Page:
Pierre Joliot-Curie (born in Paris, 12 March 1932) is a noted French biologist and researcher for the CNRS. A researcher there since 1956, he became a Director of Research in 1974 and a member of their scientific council in 1992. He was a scientific advisor to the French Prime Minister from 1985 to 1986 and is a member of Academia Europæa. He was made a commander of the Ordre National du Mérite (English: the National Order of Merit) in 1982 and of the Légion d'honneur (English: Legion of Honor) in 1984.
Pierre Joliot held the Chair of Cellular Bioenergetics (1981–2002) at the Collège de France and is now emeritus professor. He is also a member of the Academy of Science of France. In 2002, he published a paper presenting the design of the research, 'La Recherche Passionnément' (English: Research Passionately).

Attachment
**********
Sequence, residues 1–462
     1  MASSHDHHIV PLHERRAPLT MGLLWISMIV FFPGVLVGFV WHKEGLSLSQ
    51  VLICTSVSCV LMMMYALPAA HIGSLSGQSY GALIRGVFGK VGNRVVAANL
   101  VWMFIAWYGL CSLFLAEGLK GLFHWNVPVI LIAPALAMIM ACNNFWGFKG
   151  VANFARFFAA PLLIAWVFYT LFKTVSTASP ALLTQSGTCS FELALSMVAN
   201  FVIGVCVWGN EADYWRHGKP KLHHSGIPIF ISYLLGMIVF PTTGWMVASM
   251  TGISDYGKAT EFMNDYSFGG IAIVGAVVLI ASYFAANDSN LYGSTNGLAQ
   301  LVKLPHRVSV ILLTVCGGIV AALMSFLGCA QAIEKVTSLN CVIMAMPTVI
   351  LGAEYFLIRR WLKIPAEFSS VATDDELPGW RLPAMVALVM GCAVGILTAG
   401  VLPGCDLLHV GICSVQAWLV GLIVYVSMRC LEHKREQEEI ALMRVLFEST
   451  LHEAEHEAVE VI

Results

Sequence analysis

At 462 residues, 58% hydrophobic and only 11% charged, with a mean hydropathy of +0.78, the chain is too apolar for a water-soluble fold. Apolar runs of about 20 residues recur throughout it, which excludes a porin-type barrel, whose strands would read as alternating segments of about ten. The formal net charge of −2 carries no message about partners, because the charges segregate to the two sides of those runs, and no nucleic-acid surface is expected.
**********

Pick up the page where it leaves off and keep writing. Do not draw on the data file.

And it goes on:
Joliot is from a family with noted scientists. His grandparents, Marie and Pierre Curie together with Henri Becquerel won Nobel Prize in physics in 1903 for their study of radioactivity. Marie also won a Nobel prize in Chemistry in the year of 1911. Joliot's parents, Irène Joliot-Curie and Frédéric Joliot-Curie, won a Nobel Prize in chemistry in 1935 for their discovery of artificial radioactivity. His sister, Hélène Langevin-Joliot, is a noted nuclear physicist. He is married to biologist Anne Joliot-Curie.